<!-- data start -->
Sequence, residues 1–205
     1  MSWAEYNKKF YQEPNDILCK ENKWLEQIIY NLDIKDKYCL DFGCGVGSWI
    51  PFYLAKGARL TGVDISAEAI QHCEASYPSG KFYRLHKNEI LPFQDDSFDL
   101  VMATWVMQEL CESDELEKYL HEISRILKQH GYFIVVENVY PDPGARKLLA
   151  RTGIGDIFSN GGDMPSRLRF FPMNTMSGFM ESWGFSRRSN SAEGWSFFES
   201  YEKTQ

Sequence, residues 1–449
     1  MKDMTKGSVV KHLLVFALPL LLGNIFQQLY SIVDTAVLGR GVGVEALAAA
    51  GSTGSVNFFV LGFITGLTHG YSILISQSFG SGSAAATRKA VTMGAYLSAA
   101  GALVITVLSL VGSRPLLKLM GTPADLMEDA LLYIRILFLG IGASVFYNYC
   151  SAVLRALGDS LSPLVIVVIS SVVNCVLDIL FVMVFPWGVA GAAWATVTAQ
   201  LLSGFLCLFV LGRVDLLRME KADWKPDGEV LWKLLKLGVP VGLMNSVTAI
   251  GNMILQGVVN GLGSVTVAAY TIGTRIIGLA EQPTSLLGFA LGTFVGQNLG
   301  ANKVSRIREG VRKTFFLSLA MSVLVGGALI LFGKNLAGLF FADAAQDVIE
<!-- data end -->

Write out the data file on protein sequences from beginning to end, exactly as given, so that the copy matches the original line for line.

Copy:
Sequence, residues 1–205
     1  MSWAEYNKKF YQEPNDILCK ENKWLEQIIY NLDIKDKYCL DFGCGVGSWI
    51  PFYLAKGARL TGVDISAEAI QHCEASYPSG KFYRLHKNEI LPFQDDSFDL
   101  VMATWVMQEL CESDELEKYL HEISRILKQH GYFIVVENVY PDPGARKLLA
   151  RTGIGDIFSN GGDMPSRLRF FPMNTMSGFM ESWGFSRRSN SAEGWSFFES
   201  YEKTQ

Sequence, residues 1–449
     1  MKDMTKGSVV KHLLVFALPL LLGNIFQQLY SIVDTAVLGR GVGVEALAAA
    51  GSTGSVNFFV LGFITGLTHG YSILISQSFG SGSAAATRKA VTMGAYLSAA
   101  GALVITVLSL VGSRPLLKLM GTPADLMEDA LLYIRILFLG IGASVFYNYC
   151  SAVLRALGDS LSPLVIVVIS SVVNCVLDIL FVMVFPWGVA GAAWATVTAQ
   201  LLSGFLCLFV LGRVDLLRME KADWKPDGEV LWKLLKLGVP VGLMNSVTAI
   251  GNMILQGVVN GLGSVTVAAY TIGTRIIGLA EQPTSLLGFA LGTFVGQNLG
   301  ANKVSRIREG VRKTFFLSLA MSVLVGGALI LFGKNLAGLF FADAAQDVIE